Once you have part 1 working, you must now read the data back in again, and display it in the
console. To do this, you must define two additional functions, readFromFile() and
readArray().
The readFromFile() function is similar to the writeToFile() function, except that this time
rather than printing to a file it will be reading from a file. This means it needs two features not
found in the earlier writeToFile().
1. If the fopen fails, it must call perror() and then just return 0.
2. It must return the number of values that were read. (How else can you know the new
length of data in the array?)
3. The code in the readToFile() function does not read or write anything to or from the
file. It just calls readArray if the file was successfully opened. Then it must close the
file before returning the number of values read.
The readArray() function must have the following features.
1. It must ignore any file contents other than a number that appears before the beginning of
the first number in a section of data (in this case, that Start of data comment).
2. It must read the values from the file into an array, one value per array element. If there is
enough space in the array, it must read all of the elements up to the end of the file, or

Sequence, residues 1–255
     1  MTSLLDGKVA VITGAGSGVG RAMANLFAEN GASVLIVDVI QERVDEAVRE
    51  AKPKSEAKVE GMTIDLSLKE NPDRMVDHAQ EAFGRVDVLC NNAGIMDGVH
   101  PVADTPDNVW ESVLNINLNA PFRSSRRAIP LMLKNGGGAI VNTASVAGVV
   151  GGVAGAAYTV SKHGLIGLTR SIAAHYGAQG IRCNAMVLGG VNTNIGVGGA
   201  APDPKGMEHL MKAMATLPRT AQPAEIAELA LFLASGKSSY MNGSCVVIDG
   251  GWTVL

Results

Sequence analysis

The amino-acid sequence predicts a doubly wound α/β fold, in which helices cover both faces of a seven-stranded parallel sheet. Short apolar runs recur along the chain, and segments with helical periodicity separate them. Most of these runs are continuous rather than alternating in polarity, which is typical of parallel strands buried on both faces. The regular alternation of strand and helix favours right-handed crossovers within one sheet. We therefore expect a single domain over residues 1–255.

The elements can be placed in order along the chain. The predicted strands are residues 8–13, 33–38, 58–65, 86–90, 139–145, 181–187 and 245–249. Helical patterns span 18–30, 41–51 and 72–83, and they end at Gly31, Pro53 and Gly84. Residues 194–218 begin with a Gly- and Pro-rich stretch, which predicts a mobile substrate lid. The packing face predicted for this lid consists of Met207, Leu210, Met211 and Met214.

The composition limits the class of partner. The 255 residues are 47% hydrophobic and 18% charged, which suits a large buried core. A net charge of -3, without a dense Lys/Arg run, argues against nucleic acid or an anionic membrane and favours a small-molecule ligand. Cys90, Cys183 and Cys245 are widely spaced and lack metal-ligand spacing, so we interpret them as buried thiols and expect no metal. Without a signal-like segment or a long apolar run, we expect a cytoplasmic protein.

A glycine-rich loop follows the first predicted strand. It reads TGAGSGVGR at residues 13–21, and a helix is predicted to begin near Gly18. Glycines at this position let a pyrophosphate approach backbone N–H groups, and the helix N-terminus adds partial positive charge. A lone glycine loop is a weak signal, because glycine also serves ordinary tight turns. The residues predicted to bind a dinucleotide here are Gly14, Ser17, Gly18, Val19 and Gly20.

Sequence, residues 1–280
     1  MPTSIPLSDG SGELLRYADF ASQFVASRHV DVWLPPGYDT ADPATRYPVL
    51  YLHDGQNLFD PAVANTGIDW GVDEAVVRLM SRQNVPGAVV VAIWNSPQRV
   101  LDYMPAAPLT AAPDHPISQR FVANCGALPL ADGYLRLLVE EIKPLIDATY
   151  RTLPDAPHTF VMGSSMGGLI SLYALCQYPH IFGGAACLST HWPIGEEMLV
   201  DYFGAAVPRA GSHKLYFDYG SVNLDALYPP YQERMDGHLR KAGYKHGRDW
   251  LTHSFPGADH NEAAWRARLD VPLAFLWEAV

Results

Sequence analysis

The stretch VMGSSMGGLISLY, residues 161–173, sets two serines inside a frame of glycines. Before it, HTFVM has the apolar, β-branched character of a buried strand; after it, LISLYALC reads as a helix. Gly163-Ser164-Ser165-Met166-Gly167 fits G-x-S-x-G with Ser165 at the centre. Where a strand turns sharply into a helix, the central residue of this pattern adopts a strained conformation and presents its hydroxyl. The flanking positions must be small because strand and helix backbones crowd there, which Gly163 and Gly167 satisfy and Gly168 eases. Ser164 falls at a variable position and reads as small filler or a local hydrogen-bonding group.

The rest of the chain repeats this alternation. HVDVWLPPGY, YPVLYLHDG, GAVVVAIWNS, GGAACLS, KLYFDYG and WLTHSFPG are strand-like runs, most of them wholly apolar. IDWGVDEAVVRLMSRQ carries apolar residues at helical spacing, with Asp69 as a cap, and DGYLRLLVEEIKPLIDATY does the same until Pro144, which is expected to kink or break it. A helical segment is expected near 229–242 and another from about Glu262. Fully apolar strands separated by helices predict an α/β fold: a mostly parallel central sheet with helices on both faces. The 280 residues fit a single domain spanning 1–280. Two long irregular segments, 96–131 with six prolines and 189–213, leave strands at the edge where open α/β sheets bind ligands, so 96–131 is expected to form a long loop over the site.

until it encounters non-numerical content in the file. (Relax! That’s what fscanf() does.
You just have to get the details right.)
3. It must not read more values than the array size that is given as its 3rd argument.
Here is the starting code for the second part:
int readFromFile(const char* filename, double array[], int size);
int readArray(FILE* fp, double array[], int maxSize);
#define BIG_BUFFER_SZ 1024
#define SMALL_BUFFER_SZ 48
void part2(void) {
double buffer1[BIG_BUFFER_SZ];
double buffer2[BIG_BUFFER_SZ];
double buffer3[SMALL_BUFFER_SZ];
int buffer1Len = 0;
int buffer2Len = 0;
int buffer3Len = 0;
fputs(“data1.txtn”, stdout);
buffer1Len = readDataFromFile(“data1.txt”,
writeArray(stdout, buffer1, buffer1Len);
fputs(“data2.txtn”, stdout);
buffer2Len = readDataFromFile(“data2.txt”,
writeArray(stdout, buffer2, buffer2Len);
fputs(“data3.txtn”, stdout);
buffer3Len = readDataFromFile(“data3.txt”,
writeArray(stdout, buffer3, buffer3Len);
fputs(“data1.txtn”, stdout);
buffer3Len = readDataFromFile(“data1.txt”,
writeArray(stdout, buffer3, buffer3Len);
}
buffer1, BIG_BUFFER_SZ);
buffer2, BIG_BUFFER_SZ);
buffer3, SMALL_BUFFER_SZ);
buffer3, SMALL_BUFFER_SZ);
int main(void) {